Nightvisiting is beautiful, despite all those gristly alien umbilical cords which are truly horrid. But the story behind it is beautiful, not only in its performances from all the main cast and the treatment of grief.
The story wastes no time in announcing itself as an emotional episode with its dialogue free opening montage that tells us the story of how Tanya's parents met, marrying and raising their family, this is followed by the morning that Jasper's body is carried out of the house by paramedics. The whole sequence is sad, especially for someone like me whose father passed away. But the sequence is essential for the episode and really gives it some emotional gravitas. In fact without it, I don't think the episode would have worked as well as it did.
We cut back to present day, two days after Jasper's death and Tanya is still suffering. But unknown to Tanya, there is a grief sucking race of aliens who have followed the scent of her grief all the way to her bedroom window, much like a shark or predator smelling blood.
The idea of someone wanting to harm you while disguising itself as a lost one is a really cruel but brilliant concept. I really connected with Tanya's character, after all, who couldn't resist the outstretched hand of someone who is gone forever that we've never stopped missing. I like to think that I would have acted much like Tanya when the chips were finally down but what this episode really succeeds in doing is making the audience think, would we act like Tanya and win the battle or would we fall into the hands of the baddie, disguised as a loved one who is no longer with us?
The baddie in this episode is the Lankin. It is a alien that manifests itself in plant-like tendrils and is the series' most science fiction and horror like element yet. Add to that, the need for the victim's to take their loved one's hand and surrounding willingly to their captors is likely to be one of the best ideas that the series will come up with.
This was a tense and cleverly constructed episode. The discomfort that was wrung from the scenes between Tanya's, Vivian Oparah and Jasper's, Kobna Holdbrook-Smith, was brilliant to watch, not in the least because of the sound of Jasper's eerie insectoid blinks. These two actors are definitely the stars of this episode, his manipulation of Tanya and Tanya's growing understanding of the possibility that she might have to give into the urging's of her father to bring her some peace, created real tension and pathos.
The tension throughout the episode fizzles out when Tanya defeats the alien, not only with a plan based on logic but a lucky stab in the dark guess that if the Lankin feed off grief, they can be poisoned by anger. Tanya was the one who turned the lights on the Shadow Kin in the first episode so her resourcefulness has already been established. But she worked much better in bringing the story to its conclusion rather than the first episode where her resourcefulness was nothing more than a plot point.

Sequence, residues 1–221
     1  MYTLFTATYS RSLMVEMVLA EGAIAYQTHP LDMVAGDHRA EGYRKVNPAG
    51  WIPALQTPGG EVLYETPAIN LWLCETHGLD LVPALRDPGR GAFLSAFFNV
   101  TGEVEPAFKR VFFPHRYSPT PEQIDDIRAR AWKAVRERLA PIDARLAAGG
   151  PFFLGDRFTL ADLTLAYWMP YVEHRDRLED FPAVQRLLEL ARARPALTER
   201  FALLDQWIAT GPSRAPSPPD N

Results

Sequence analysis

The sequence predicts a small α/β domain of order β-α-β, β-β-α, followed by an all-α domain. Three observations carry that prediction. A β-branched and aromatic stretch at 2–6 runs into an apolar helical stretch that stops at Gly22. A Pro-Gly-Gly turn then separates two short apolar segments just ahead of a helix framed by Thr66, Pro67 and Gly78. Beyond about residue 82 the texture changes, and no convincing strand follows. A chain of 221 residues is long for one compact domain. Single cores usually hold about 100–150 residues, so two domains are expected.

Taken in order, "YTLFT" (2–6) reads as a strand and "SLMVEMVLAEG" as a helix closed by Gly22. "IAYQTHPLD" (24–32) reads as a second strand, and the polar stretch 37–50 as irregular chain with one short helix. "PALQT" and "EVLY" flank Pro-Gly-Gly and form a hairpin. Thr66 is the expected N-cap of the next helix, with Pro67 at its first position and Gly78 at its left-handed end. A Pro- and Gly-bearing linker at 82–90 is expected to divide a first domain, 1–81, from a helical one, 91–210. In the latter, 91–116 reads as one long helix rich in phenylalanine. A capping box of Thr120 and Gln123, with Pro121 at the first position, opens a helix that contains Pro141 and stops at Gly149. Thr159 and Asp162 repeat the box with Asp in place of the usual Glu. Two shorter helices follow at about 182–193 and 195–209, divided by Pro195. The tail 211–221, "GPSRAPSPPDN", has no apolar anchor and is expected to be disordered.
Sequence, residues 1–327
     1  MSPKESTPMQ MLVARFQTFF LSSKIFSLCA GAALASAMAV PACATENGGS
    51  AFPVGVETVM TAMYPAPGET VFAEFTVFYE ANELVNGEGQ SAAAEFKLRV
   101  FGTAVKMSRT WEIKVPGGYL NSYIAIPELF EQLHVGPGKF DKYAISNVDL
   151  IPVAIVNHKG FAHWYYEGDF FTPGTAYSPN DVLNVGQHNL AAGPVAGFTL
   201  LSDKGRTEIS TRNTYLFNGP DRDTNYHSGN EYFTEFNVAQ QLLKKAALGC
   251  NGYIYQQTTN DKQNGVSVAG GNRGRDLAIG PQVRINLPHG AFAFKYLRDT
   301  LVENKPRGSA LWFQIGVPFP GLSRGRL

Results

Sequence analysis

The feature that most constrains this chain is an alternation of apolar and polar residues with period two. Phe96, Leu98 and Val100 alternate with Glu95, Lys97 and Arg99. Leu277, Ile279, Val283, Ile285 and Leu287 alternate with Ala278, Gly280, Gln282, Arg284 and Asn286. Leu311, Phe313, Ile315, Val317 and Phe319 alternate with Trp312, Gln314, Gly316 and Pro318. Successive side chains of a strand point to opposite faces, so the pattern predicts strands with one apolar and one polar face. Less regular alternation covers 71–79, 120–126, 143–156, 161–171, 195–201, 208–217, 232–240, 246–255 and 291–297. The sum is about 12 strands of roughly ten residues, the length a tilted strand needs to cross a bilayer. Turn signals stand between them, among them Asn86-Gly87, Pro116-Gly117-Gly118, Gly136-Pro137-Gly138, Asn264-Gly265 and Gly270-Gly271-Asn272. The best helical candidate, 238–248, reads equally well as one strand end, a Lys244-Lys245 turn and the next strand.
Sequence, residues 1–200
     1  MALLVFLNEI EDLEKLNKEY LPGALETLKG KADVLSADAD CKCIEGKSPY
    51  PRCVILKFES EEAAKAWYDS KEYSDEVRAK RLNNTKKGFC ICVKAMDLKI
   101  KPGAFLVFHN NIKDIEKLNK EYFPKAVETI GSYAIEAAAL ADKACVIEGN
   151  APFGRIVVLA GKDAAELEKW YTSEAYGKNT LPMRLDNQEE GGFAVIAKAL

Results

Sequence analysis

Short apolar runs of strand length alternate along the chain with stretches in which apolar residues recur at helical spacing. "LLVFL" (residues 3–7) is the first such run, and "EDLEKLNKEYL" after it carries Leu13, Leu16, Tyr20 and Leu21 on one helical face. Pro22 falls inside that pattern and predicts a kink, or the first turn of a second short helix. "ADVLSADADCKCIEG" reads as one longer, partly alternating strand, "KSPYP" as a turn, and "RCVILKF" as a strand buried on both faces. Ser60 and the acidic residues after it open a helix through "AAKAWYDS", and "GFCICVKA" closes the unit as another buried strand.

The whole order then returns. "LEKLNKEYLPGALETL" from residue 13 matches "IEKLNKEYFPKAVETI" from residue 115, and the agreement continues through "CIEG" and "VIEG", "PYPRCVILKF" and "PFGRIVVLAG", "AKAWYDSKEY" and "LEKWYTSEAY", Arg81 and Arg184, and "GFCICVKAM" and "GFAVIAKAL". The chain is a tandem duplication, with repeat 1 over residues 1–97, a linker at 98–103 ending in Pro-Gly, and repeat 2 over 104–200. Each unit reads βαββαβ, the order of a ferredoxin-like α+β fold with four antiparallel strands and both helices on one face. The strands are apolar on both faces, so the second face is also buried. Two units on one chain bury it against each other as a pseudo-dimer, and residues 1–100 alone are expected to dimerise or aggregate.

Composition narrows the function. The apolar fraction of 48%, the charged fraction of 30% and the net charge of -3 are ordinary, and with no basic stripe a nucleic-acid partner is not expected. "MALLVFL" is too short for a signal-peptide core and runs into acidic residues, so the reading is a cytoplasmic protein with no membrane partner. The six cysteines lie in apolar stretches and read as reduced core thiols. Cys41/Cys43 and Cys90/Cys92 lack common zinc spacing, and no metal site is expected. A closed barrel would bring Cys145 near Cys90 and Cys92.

What makes the show stand out is that Class is more interested in developing the characters emotions rather than the aliens they have to fight. Ram wasn't only battling a skin-peeling dragon in the previous episode but dealing with PTSD after seeing his girlfriend killed in front of him and then getting his leg chopped off in the resulting chaos. Tanya's struggle with her grief and the seductive notion that she could be soothed by being with her dead father and April's story about her dad showed both characters have a remarkable grasp of their own psychology for people so young.
I also liked that Miss Quill got her feelings prodded, not only because of the enjoyable scenes between herself and her sister but from the episode's conclusion. This is where the reaccuring theme of the new Doctor Who series comes in, the loneliness of being the last member of your species. Charlie and Matteusz are in love and April and Ram pair up, all the kids have bonded. This leaves Quill feeling like she is on the outside, looking in. It is clever that the show is tying in the teenage feeling of being left out of friendship groups and putting Quill, a teacher in the same situation that so many youngsters find themselves in.
And can we talk about how damn cute Charlie and Matteusz are? With the feeling of love being so close to surface in this story, through Charlie and Matteusz we are told that even our parents can't always give us the feeling of love that we deserve. Their feelings of abandonment, literally in Matteusz's case as his religious parents kick him out, mirror Tanya's feelings. She feels like she has been abandoned by her father when he died. This episode of Class teaches teenagers an important story, parents don't always give us the love we deserve, they can be distant, intolerant, abusive and absent.
What was delightful though was when Charlie told Matteusz, his boyfriend, in their romantic, tender and unfortunately rare depiction of young love in television these days, if your family isn't right then you should feel free to chose another. And it is these messages that Class loves to give its audiences is what I'm sure will make it surpass its parent show, Doctor Who...